Finally, the success of the ACO in achieving those lower costs rests on factors that are not in control of individual practices. While ACOs have the opportunity to use CMS claims in their reporting (provided patients agree to share), giving the organization a more global view of the patients as well as the costs incurred, that does not necessarily translate into a clear path to savings. This creates a risk for practices that may be able achieve success on their own through careful optimization of the VBPM, but depends on the success of the group for savings in the ACO. It is worth noting that most ACOs did not achieve savings last year.

A practice will make a decision to bind its future in the short and long term with an ACO, or to go it alone. It’s important to be able to measure the potential results at least by evaluating the CMS report on the practice quality and cost, the Quality Resource and Utilization Data, to determine the practice risk by going solo. It may also request similar data on the largest group(s) forming the ACO.

To succeed in either program, both ACOs and practices need to be able to measure and prove better performance. That also means the ability to act throughout the year—once the reporting deadline looms, your chances to actually improve outcomes are gone. There is not time to assess the effects of a nutrition plan or tobacco cessation plan, no time to measure the effects of a new medication, and certainly no chance to identify an underlying issue contributing to admissions.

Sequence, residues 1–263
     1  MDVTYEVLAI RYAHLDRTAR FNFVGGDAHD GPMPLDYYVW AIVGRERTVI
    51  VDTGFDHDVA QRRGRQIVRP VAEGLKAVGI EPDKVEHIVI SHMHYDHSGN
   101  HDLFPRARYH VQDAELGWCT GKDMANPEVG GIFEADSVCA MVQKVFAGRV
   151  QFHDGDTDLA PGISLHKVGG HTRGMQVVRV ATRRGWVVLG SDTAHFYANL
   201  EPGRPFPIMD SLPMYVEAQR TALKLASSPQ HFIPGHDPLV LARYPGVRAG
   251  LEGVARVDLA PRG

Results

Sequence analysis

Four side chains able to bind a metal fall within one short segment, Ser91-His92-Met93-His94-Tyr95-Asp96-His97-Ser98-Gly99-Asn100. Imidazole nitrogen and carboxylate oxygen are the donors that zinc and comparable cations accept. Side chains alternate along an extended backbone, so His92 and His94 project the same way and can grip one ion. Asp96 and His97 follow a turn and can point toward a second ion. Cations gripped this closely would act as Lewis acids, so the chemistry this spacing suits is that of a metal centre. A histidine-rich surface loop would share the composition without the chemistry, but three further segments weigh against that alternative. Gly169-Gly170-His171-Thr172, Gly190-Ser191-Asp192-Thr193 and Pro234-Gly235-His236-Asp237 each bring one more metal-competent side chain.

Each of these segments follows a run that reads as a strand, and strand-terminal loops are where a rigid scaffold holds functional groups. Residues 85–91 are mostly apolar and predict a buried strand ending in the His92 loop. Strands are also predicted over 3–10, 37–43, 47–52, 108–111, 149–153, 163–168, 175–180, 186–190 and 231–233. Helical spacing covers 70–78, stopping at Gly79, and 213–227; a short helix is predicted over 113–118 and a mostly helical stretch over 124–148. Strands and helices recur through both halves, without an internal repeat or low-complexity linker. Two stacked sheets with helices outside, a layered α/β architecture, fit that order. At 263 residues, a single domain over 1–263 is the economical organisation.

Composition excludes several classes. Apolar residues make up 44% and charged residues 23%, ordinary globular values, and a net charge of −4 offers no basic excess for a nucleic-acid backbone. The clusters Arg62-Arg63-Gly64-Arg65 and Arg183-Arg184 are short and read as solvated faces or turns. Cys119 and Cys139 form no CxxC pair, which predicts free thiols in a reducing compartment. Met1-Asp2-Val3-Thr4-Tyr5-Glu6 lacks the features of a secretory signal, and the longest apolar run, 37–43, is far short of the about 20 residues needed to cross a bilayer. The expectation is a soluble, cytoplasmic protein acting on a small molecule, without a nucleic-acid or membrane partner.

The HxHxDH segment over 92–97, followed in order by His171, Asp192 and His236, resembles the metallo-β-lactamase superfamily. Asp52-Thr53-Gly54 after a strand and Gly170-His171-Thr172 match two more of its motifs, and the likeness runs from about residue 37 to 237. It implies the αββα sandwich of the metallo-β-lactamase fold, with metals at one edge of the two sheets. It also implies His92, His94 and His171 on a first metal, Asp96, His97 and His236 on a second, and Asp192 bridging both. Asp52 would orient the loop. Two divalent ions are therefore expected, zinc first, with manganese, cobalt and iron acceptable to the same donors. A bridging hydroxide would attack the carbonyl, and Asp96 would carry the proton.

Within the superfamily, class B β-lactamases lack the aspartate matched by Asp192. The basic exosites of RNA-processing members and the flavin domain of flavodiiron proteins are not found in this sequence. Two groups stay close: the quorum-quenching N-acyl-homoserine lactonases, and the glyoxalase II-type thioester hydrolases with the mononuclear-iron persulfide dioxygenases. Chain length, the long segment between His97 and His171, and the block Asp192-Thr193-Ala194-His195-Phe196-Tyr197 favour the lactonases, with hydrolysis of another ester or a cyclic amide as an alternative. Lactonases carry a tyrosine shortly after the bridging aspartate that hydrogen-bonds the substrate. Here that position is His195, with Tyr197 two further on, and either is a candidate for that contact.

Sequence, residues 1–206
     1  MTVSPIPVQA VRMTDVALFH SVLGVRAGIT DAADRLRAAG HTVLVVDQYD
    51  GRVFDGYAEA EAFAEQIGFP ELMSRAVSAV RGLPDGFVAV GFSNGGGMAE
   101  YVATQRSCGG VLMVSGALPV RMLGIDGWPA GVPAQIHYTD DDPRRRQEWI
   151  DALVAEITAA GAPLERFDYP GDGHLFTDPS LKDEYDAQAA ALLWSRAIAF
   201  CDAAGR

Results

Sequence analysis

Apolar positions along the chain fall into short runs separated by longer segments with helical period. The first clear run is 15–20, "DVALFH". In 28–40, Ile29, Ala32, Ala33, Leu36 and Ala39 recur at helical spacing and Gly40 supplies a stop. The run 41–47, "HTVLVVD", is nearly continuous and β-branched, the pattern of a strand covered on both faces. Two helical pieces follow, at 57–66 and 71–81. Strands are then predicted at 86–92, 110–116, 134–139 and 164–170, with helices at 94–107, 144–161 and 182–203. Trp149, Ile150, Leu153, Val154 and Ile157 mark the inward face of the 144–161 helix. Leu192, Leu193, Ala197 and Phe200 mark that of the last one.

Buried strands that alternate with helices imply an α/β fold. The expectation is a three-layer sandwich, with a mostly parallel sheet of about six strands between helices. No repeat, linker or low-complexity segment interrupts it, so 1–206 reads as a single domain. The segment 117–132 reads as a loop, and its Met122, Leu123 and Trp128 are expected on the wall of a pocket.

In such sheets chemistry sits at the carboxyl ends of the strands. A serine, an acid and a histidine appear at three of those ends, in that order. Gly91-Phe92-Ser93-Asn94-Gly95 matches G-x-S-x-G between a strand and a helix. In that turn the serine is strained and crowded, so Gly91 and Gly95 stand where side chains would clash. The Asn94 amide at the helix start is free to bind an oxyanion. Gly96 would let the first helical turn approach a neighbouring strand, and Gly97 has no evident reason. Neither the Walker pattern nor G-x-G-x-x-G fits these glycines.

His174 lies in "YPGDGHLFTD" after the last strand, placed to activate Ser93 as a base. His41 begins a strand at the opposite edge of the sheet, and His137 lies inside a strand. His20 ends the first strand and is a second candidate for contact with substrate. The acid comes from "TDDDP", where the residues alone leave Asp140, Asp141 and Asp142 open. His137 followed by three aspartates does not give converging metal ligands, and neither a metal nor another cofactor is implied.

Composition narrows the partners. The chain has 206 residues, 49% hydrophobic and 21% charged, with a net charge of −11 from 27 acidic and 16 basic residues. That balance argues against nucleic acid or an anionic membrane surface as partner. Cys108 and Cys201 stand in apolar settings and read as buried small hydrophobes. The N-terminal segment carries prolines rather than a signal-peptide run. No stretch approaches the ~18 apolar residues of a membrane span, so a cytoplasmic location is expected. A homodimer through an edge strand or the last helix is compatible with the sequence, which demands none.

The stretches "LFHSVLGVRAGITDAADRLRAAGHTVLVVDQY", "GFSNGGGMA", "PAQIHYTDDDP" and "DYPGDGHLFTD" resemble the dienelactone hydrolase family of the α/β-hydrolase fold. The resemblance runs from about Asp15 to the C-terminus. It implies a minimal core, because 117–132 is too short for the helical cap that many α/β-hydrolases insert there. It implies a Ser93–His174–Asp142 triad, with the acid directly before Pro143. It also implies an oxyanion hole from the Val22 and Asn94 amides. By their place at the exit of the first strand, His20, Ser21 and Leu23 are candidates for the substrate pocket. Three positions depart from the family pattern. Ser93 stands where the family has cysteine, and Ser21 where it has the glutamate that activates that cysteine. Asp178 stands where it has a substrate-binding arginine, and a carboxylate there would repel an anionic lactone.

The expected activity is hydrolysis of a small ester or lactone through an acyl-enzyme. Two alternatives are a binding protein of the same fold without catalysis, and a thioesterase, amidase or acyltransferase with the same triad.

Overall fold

How Registry Reporting with Population Health Can Improve Either Choice

All organizations, regardless of type, need to adopt a system for performance measurement in order to see where they stand against Medicare and health plan norms, and to provide a baseline for improvement.  A registry provides the mechanism for organizations to view their data against targets, whether that means a practice view or an ACO.  Since CMS is rewarding or penalizing based on either historical or comparative performance—or both—knowing where each provider stands and how to reach the goal is now essential for maintaining revenues.